To lay my crown at's feet, and there to kneeli
Tell him, that from his all obeying breath
I hear the doom of Ægypt.

Thys, 'Tis your noblest course.
of Wisdom and fortune combating together,
« If that the former dare but what'it can,
« No chance may fhake it. Give me grace to lay.
My duty on your hand

Cleo. Your Cæsar's father oft, When he hath mus'd of taking kingdoms in, Bestow'd his-lips on that unworthy place, As it rain's kisses, SCENE X, Enter Antony and Ænobarbus., ATH, Favours ! by Jove that thunders

[Seeing Thyreus kiss her hand, What art thou, fellow ?

Thyr. One that but performs
The-bidding of the fullest man, and worthielt.
To have command obey'd.

Ænó. You will be whippid.

Ant. Approach there--ah, you kite ! now, gods

and devils !
Authority melts from me of late.-- When I cry'd, Hoa!
Like boys unto a muss, Kings would start forth,
And cry, Your will ? have you no ears?
I'm Antony yet. Take hence this jack, and whip him.

Enter Servants.
Æno,'Tis better playing with a lion's whelp,
Than with an old one dying.

Ant. Moon and stars !
Whip him----Were't twenty of the greatest tributaries
That do acknowledge Cæsar, should I find them
So faucy with the hand of the here, (what's her name,
Since the was Cleopatra?).-whip bim, fellows
Till, like a boy, you see him cringe his face,
And whine aloud for mercy. Take him hence.

Thyr. Mark Antony

Ant. Tug him away ; being whipp'd, Bring him again: this jack of Cæsar's lhall Bear us an errand to him. [Exeunt with Thyreus, You were half blasted ere I knew you : ha! [To Cleo. Have I my pillow left unpress’d in Rome, Forborn the getting of a lawful race, And by a jem of women, to be abus'd By one that looks on feeders ?

Cleo. Good my Lord.

Ant. You have been a boggler ever, But when we in our viciousness grow hard, (Ob mifery on't!) the wise gods feal our eyes ; In our own filth drop our clear judgements; make u. Adore cur errors, laugh at's while we arut To our confusion.

Gleo. Oh, is't come to this?

Ant. I found you as a morsel, cold upon Dead Cæsar's trencher : nay, you were a fragment Of Cneius Pompey's; besides what hotter hours, Unregister'd in vulgar tame, you have Luxuriously pick'd out. For I am sure, Though you can guess what temperance should ben, You know not what it is.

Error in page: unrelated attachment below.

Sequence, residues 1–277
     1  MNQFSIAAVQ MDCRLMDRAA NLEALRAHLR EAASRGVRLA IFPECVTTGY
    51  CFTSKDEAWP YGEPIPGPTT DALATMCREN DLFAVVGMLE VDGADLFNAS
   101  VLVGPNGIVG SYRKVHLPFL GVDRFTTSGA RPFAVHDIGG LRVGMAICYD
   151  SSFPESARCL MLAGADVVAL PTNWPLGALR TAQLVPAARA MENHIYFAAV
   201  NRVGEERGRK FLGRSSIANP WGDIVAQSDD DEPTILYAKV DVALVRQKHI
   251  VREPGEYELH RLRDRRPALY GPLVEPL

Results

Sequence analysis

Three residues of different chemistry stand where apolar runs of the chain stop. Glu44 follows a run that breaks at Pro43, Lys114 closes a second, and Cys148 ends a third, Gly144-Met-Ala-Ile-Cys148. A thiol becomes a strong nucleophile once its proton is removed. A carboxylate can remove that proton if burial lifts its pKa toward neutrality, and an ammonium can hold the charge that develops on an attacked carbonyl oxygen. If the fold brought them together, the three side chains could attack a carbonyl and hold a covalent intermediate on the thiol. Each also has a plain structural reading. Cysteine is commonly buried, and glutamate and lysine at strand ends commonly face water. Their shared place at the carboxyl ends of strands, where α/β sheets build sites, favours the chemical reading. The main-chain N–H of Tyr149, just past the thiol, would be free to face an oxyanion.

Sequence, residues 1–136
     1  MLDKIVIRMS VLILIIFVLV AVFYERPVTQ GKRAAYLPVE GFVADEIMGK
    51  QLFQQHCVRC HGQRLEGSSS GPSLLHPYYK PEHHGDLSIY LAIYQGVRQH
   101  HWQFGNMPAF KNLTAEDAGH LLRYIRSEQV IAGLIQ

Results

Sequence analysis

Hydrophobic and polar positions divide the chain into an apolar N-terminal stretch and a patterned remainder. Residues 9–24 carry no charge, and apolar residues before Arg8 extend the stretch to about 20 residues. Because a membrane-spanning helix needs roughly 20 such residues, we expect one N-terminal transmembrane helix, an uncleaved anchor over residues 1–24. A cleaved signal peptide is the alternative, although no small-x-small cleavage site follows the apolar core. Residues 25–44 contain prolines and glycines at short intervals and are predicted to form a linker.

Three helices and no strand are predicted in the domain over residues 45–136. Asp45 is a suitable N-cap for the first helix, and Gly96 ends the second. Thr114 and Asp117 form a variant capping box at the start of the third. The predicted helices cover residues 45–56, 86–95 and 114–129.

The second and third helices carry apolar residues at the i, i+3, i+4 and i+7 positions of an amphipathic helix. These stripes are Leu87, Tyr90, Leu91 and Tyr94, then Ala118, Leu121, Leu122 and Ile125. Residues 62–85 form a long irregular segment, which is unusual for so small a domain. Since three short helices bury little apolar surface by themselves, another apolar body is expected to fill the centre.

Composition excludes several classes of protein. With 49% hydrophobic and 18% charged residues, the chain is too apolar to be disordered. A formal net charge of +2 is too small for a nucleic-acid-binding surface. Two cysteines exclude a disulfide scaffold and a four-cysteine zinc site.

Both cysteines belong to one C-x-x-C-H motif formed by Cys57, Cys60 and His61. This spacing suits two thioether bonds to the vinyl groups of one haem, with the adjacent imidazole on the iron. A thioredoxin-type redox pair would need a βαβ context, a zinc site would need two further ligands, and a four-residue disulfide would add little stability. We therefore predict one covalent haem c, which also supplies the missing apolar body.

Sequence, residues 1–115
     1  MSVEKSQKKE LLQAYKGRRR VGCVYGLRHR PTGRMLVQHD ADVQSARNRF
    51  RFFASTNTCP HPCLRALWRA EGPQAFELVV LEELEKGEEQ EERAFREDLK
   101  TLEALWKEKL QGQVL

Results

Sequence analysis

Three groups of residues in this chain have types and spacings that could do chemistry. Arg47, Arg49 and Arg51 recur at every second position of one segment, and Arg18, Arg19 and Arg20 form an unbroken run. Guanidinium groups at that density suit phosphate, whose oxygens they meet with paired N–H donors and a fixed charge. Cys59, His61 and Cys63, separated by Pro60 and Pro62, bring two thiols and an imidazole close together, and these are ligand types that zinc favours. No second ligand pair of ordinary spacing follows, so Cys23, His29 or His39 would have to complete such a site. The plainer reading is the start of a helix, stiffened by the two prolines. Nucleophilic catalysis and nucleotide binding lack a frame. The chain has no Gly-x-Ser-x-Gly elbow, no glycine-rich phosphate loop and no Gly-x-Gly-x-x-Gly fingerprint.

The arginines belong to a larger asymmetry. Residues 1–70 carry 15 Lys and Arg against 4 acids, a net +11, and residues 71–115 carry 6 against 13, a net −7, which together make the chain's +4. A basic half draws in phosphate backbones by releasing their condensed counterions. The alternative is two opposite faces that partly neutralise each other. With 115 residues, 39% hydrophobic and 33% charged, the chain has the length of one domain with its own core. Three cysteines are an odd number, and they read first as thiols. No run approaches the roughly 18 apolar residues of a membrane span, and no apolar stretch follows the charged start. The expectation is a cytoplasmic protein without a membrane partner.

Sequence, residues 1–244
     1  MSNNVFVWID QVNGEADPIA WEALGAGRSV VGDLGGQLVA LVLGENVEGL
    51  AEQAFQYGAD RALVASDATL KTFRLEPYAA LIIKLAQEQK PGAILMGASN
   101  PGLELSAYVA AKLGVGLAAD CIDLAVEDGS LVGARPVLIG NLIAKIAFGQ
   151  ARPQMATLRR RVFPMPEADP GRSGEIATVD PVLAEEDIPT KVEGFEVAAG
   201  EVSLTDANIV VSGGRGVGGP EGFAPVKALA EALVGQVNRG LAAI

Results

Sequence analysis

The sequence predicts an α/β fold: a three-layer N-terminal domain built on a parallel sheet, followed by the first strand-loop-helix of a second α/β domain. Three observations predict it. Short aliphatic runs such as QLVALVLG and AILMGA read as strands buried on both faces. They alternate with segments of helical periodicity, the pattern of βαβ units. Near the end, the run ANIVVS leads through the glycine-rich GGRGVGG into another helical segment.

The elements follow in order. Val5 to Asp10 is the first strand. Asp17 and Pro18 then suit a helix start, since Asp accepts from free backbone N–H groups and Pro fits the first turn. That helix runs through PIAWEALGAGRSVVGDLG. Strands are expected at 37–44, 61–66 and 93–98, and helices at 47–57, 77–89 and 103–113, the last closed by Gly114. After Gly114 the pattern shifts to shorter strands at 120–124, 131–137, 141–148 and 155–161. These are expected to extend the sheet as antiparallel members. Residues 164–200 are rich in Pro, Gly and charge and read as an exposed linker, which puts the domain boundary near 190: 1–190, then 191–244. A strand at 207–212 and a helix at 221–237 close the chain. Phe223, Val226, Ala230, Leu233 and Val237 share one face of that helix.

Cleo, Wherefore is this?

Ant. To let a fellow that will take rewards,
And say, God quit you, be familiar with
My play-fellow, your hand; this kingly feal,
And plighter of high hearts ! O that I were
l'pon the hill of Bafan, to ont-roar
The horned herd, for I have savage cause !
And to proclaim it civilly, were like
A halter'd neck, which does the hangwian thank
For being yare about him. Is he whipp'a ?

Re-enter a Servant, with Thyreus.
Ser. Soundly, my Lord.
Ant. Cry'd he? and begg'd a' pardon?
Ser. He did afk favour.

Ant. If that thy father live, let him repent
Thou wast not made his daughter ; and be thou forry
To follow Cæsar in his triumph, since
Thou hast been whipp'd for following him. Hencea
The white hand of a lady fever thee,

[forth Shake to look on't.-Go, get thee back to Cæsar, Tell him thy entertainment: look thou say He makes me angry with him : for he feems Proud and disdainful, harping on wbat I am, Not what he knew I was.

He makes me angry ; And at this time most easy 'tis to do’t: When my good stars, that were my former guides, Have empty left their orbs, and shot their fires Toto the abysm of Hell. If he mislike My speech, and what is done, tell him, he has Hipparchus my infranchis'd bondman, whom He may at pleasure whip, or hang, or torture, As he lhall like, to quit me. Urge it thou :Hence with thy stripes, be gone. [Exit Thyreus, Cles. Have

you done int. Alaik, our terrene moon is now eclips'd, And it portends alone the fall of Antony.

Cleo. I must stay his time.

Ant. To flatter Cæfar, would you mingle eyes
With one that ties his points ?

Cleo Not know me yet?
Ant, Cold-hearted toward me!
Cleo. Ah dear, if I be to,

yet?